31The European revolutionary liberalists liked many aspects of the Constitution of 1812. Starting with those that had antagonised the absolutists and Anglophiles, namely: national sovereignty, the predominance of Parliament and unicameralism. Even the Edinburgh Review had to acknowledge that these principles were ideal for revolutionary processes43, gaining the support of the most progressive liberalists.

32The identifying elements in the Constitution of Cádiz were highly prestigious, such as the definition of the Nation (as free and independent) and its citizens. These aspects were useful for the national independence processes and the revolutionary movements and were imitated throughout Europe: from the North to the East and to the Mediterranean area.

33Here are a few examples. After the Peace of Kiel (14 January 1814), which marked the end of the war between Denmark, (allied with Napoleon), and Sweden, the former handed over the Norwegian territory to the latter. This act, conducted by Frederick VI was considered illegal by the Norwegians who refused to accept the unilateral handover. As a result, Viceroy Christian Frederick decided to hold an assembly in Eisdsvold, formed by one hundred and twelve representatives, which drew up the Norwegian Constitution in 17 May 1814. It was a Constitution that focused on establishing the country’s independence process. The text contains some elements copied from the Constitution of Cádiz, such as the definition of Norway as free and independent, taken from the second article of the Constitution of Cádiz44.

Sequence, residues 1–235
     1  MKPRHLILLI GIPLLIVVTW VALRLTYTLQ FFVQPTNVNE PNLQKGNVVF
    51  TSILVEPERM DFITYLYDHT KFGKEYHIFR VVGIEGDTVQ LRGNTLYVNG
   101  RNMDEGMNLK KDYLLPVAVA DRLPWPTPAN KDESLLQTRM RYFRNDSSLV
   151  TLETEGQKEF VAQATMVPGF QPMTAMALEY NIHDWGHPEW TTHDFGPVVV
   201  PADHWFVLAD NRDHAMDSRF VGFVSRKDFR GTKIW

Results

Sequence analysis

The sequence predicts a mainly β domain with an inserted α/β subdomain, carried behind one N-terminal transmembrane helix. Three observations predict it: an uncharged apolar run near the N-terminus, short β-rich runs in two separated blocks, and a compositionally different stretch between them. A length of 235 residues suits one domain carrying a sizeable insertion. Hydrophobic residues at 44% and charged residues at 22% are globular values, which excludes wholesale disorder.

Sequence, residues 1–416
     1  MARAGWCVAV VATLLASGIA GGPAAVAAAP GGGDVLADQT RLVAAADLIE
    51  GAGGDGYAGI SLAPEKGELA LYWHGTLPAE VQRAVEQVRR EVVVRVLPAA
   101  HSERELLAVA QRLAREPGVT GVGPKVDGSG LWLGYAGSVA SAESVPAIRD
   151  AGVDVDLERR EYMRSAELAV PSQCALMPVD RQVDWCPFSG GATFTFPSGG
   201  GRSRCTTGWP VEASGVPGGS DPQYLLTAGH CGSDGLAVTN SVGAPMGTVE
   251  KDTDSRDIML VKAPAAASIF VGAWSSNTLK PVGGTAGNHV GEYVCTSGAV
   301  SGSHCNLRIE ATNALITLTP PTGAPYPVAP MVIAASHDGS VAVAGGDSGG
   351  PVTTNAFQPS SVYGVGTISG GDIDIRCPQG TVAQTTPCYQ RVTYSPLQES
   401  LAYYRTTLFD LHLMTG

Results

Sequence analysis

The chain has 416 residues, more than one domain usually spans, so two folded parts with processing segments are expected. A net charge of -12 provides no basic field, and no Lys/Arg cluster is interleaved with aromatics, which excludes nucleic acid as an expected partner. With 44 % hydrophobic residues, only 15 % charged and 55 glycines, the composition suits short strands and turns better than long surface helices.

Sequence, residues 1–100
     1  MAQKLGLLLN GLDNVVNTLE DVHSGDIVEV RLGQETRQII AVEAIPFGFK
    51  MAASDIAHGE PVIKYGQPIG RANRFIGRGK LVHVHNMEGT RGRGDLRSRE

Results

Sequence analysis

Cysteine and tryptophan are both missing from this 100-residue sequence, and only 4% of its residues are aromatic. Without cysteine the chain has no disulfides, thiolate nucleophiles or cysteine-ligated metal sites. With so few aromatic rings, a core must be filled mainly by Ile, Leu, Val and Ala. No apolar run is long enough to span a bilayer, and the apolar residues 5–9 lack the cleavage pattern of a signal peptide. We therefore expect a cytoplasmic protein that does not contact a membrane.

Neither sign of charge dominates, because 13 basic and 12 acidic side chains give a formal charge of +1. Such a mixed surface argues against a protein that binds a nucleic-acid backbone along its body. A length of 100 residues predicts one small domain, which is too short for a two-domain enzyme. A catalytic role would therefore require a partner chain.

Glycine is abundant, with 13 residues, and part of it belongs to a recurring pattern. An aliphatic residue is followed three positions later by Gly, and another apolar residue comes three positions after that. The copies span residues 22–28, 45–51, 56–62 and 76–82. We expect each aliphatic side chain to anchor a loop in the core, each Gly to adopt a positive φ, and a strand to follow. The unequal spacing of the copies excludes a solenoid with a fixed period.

34Something similar happened with Russia. After Tsar Alexander I formed an alliance with Meternich, the Russian liberals’ desire for greater freedom was thwarted and they decided to seek alternative and revolutionary solutions through the Decembrist movement. Many Decembrists were military officers and had seen the western constitutional experiences in their campaigns against Napoleon. Now they were trying to import them into their own country. On 9 February 1816, to this end, a secret society was formed called the Union of Salvation or the Society of the True and Loyal Sons of the Fatherland in Saint Petersburg, and was subsequently divided into the Northern Society (led by Nikita Muraviev) and the Southern Society (led by Pavel Pestel). They each designed their own constitutional project which they sought to impose on the Tsar, even by force if necessary45. Muraviev’s project was clearly inspired by the Constitution of Cádiz. One of the elements where this is most visible is in the definition of the Russian nation and the Russian citizens, which is practically an identical copy of the Spanish text46.